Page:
The presentation of a Homemakers scholarship was awarded to Janice West, which took place on the grandstand stage at the Clark County Fair. Sara Steele, home agent; and Mrs. Arthur Kuechenmeister, secretary-treas. presented the scholarship to Miss West. Mrs. Maurice Meredith, past president of the county and district Homemakers, was responsible in part for the plan of a county scholarship. Miss West will attend Stout University in Menomonie and will study home economics.
Winners of the 4-H dairy judging at the fair were as follows, in order of the awards: Carol Erickson, Joyce Holt, Harold Holt, Kay Kilgrain and Raymond Wetzel.
With a small escort, Gov. Walter Kohler ducked between the raindrops to visit the livestock barns and 4-H club quarters following his luncheon and brief address before the Kiwanis Club, Rotary Club and guests at the Clark County Fair Friday noon.
David Lavey, Granton and Beverly Rollins, Spencer, to be married at Chili on August 27,
Robert Kunze, Neillsville and Edith Scholtz, Neillsville, to be married at Neillsville August 23,
Clifford Frank Smith, Owen, and Geraldine Alice Bowen, Abbotsford, to be married at Colby August 30,
Orin Duane Janke, Humbird, and Jeanette Ottillie Stiemke, Neillsville to be married at Globe August 22.
Threshing finished in the Sherwood Community, last Thursday. Al Kramer who lives on the Joe Cowgill farm, threshed out over 1,800 bushels of grain.
John Mrotek of the Loyal Flying Eagles 4-H Club won the county championship in the tractor contest and is representing Clark County at the state far. John showed great skill and accuracy in putting a tractor through its paces. His competitors were boys who had won their way through local contests, Rueben Garbisch of Granton, Robert Tichy of Loyal Neil Broeren of Thorp and Leland Mayenschein of Butler.
Louis and Arthur Nemitz, local musicians, took second place for dance music at the Minnesota State fair. They also played for a group of square dancers from Eau Claire, who went through the dances riding horses.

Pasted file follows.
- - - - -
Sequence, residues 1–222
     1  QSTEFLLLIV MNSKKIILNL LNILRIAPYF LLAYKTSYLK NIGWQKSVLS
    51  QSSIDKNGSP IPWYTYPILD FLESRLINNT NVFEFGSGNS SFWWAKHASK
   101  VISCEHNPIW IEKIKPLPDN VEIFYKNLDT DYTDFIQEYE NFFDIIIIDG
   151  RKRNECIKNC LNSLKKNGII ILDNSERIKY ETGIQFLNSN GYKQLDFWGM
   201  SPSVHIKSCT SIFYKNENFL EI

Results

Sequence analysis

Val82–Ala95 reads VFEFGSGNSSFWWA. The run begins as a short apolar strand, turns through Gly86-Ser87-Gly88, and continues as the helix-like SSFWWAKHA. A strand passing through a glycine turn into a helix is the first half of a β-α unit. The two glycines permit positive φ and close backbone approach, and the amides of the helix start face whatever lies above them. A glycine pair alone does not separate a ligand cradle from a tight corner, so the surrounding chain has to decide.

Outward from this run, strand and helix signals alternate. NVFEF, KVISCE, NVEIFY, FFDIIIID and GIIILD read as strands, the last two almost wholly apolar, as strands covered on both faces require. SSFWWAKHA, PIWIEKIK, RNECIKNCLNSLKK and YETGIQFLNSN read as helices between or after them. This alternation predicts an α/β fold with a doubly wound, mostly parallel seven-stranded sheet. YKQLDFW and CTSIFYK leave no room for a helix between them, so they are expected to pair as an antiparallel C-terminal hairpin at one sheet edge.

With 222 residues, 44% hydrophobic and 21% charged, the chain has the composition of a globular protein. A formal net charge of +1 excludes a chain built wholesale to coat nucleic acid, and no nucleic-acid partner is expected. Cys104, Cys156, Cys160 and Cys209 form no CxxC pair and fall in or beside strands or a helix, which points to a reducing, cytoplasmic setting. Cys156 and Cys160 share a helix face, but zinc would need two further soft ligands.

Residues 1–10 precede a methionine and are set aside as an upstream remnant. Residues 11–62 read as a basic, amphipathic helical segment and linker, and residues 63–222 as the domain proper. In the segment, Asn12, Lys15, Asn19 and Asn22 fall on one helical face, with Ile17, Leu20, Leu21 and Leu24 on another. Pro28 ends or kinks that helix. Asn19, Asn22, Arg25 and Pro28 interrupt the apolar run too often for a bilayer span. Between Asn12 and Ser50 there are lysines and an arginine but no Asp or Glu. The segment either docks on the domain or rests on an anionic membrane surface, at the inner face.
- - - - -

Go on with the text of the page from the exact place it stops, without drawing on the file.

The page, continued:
City properties that have recently changed hands in Clark County, according to transfers have been recorded at the Register of Deeds office last week.
Among those was the purchase of the former Rev. Koehler residence, bordering Schuster Park, property purchase by Carl R. Wegner and Bernita Wasserburger, county nurse. The purchase was made through Ada Koehler and Irene Koehler, heirs of the estate. The residence will become home for the young people upon their marriage at a date later to be announced.
Other transfers recorded in the week included:
Frank Thomas has purchased from John Lansbach lot 6 in the city of Thorp;
Ernest Luchterhand has bought from Emil Luchterhand, as executor of the estate of Bertha Luchterhand, lots 5 and 6 in the city of Colby;
Richard J. Thompson and his wife, Shirley, have purchased from Arthur J. Christie and his wife, Gwendolyn a parcel of land in section 34, Town of Warner;
Charles W. Kalsow and his wife, Laura, have purchased from Maude Cramer property on West Street in Neillsville;
Henry Anderegg and Harvey Brussow have purchased from Ralph Rayhorn and his wife, Gladys, property in the Village of Loyal. The transaction included machinery and fixtures.
Miss Irene Rakow, has accepted the position as teacher in the Lutheran parochial school in Granton. Miss Rakow will stay at the Lucien Moh home.
(A trivia question: Where in Neillsville can a GAR emblem be seen displayed on each peak of three gables of a house in Neillsville? GAR represents Grand Army of the Republic, a fraternal organization organized by veterans of the Union Army), after the Civil War. The organization dissolved upon the death of its last member, Albert Woolson of Duluth, MN, in 1956.
The builder, first owner of the house with the GAR emblem, was a Civil War veteran. I walked past that house daily for years before noticing the emblem, that is painted the same color as the siding, which blends into its background, making it not easily visible. DZ)